The con could be to this the investment learns to late after budget season the true CAPEX (capital costs) and projects get further delayed. But, that is not all bad, as many time, the original CAPEX outlay is wrong anyhow, even with a good conceptual solution architecture due to the notes above.
Dont we wish that could be true. That the tech developed in one group would integrate naturally with another. The data would perfectly interface. The security worked seamlessly. The protocols were hidden. Redunandancies and sunsets were robotically self-realized. OK, the last was too much tongue in cheek. But, no, systems must interface and be interoperable, accessible, and all the other architecture “ility” words.
So EA policy was constructed made for internal systems and local data centers. Now we are in utility hardware running software for the untrained user or trained user with very little time alotted. This is just a natural program as noted in IT Footprint Progression in the Federal Government… and the role of Architecture
All that being said, losing architecture is a reality in the planning. Disruptions are moving too fast. The best way we have found is making sure the agile development efforts are build on solids plans (per the above) and make sure the architecture principles, component selection is guided by an excellent architecture runway – either via governance or an enterprise agile framework.
We have more adopted a three-pronged approach
Our colleagues over at Phase One Consulting Group have sponsored the creation of The Planning Institute . The Planning Institute was formed to help foster the standards and methods by which collaborative planning is performed. We stumbled upon this update in following Phase One`s blog on Plan for the Future .
From the The Planning Institute methodology overview and the overall web site, the new Collaborative Planning Methodology (CPM) is the replacement for the 2008 FSAM method which is primarily sourced from the 2006 MBT method. You can see how those methods were originally developed at Developing a Transformation Approach.
The Planning Institute concept has been in the works since 2006 when MBT originally got legs and the idea was to move to an open-source methodology and get tied into more and more methods, approaches, frameworks, maturity models, etc. For instance, MBT work products were mapped to supported variuos architecture frameworks (FEAF, DODAF, TOGAF, C4ISR) and FSAM mapped into various other IT Portfolio planning (CPIC, A&A, Privacy). MBT also was build with the premise of linking segment architecture to the IT Investment Maturity Framework. It will be interesting to see where CPM gets mapped into to bring in larger communities – PMP? Smart Lean Government?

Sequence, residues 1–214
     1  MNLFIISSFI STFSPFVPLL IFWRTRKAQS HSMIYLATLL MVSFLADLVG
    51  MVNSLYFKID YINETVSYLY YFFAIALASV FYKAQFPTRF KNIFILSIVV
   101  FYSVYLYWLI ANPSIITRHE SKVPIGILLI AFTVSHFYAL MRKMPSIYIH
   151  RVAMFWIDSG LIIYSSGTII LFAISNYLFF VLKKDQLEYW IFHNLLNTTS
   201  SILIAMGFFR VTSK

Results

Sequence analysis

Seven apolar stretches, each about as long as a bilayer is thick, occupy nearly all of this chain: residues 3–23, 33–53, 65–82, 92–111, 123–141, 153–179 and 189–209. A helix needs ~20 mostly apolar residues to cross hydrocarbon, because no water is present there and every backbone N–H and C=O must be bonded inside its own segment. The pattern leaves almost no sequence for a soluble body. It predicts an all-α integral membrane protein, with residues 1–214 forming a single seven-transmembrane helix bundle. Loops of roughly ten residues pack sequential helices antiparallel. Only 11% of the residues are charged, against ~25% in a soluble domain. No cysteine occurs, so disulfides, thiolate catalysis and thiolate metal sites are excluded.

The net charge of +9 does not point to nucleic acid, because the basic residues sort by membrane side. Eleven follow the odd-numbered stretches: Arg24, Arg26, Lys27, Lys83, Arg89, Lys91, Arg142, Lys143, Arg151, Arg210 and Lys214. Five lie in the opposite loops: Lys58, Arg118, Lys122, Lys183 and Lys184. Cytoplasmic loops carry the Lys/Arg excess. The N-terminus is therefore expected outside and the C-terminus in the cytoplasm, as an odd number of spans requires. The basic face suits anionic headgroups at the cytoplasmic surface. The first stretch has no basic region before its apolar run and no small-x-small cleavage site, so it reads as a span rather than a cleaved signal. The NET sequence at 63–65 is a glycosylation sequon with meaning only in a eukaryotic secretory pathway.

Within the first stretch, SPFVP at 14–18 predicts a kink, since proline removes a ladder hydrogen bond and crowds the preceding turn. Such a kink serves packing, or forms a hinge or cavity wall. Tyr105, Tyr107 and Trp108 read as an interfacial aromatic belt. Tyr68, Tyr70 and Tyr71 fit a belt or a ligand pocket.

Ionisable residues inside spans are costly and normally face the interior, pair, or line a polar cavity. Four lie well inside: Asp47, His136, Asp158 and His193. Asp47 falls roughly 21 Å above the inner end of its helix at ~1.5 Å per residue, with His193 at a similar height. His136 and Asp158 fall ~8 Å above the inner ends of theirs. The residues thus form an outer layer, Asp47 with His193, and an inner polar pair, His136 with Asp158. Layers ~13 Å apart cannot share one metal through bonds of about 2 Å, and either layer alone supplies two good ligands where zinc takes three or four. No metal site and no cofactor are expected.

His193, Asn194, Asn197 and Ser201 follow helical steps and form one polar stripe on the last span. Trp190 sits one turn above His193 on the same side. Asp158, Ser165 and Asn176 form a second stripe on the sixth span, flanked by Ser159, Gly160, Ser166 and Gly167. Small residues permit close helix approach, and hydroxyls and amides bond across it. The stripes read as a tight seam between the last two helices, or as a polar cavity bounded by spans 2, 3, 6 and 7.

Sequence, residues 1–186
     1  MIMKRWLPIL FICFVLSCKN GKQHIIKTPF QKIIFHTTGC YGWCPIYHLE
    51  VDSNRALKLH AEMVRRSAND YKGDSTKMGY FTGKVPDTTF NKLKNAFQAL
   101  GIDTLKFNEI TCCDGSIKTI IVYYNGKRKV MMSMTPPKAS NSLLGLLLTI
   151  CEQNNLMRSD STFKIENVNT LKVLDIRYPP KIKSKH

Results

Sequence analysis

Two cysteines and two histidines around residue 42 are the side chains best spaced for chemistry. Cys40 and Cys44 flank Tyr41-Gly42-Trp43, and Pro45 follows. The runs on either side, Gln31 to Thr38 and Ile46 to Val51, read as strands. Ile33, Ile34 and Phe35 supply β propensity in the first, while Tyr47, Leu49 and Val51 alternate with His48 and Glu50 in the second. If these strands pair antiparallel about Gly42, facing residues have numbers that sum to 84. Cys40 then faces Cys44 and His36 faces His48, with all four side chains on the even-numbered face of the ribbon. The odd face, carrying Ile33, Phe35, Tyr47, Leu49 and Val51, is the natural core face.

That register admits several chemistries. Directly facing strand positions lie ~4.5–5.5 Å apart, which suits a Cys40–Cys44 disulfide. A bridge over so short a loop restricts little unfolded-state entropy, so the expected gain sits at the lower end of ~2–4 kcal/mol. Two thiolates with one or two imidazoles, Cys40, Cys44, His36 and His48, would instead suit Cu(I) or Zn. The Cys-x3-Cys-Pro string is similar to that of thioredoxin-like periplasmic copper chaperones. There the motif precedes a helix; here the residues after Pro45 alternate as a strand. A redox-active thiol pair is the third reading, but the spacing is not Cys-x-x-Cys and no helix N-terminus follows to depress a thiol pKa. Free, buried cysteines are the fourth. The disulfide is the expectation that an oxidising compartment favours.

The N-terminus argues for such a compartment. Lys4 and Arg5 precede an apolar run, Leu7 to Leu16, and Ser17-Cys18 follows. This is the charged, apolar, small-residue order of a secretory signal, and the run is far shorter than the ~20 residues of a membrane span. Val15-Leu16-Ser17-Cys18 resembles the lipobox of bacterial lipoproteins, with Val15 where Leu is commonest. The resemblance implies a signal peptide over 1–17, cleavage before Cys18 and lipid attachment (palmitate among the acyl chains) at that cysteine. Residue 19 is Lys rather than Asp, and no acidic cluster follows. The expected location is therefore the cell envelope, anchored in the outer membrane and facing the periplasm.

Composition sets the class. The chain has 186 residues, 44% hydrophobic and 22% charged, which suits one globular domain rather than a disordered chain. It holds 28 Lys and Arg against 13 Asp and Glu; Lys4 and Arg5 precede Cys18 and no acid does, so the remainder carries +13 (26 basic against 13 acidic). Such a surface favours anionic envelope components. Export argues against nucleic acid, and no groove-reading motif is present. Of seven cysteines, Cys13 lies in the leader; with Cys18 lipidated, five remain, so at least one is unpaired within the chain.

This did get slightly sidetracked in 2007, when MBT was lifted to be the OMB FSAM, and for good reason, as that did help establish a Federal Government direction towards common analysis, architecture, and planning methods. It is nice to see the progression back towards open-source methods.
As the Phaseone blog notes:
No one in our industry wants to be on the front page of the Washington Post! There are many approaches to planning … many that result in the dreaded analysis paralysis. When we do take the time to plan, why does it sometimes not result in better performance? I believe the critical element to planning is collaboration. Ultimately, we have to realize that in most mission and business areas, there are a lot of people who have a lot of opinions. There is never a single individual who is always right, always wrong, or all knowledgeable about any given topic. Why do people come from so many different perspectives? Well, all of these people have different experiences, different responsibilities, and different levels of creativity and ambition. The bottom line: working hard to get the best out of these individuals is key to gaining consensus, and ultimately delivering a better plan and a better product.
FSAM did stumble to be unwieldy – presented too waterfall. Only a few groups like CDC and USGS (latter with Xentity) developed an Agile or adapted version of FSAM to do the products needed and required at the right time.
MBT had a similar curse. It could take 6-9 months to get to a 3-5 year plan, which is hard to fathom now. Now the DOI Geospatial Modernization Blueprint still is being implemented and still is relevant as the tact there was more like the CPM intent – the business and data investment issues are as relevant today as when the Geospatial blueprint started on MBT 1.0.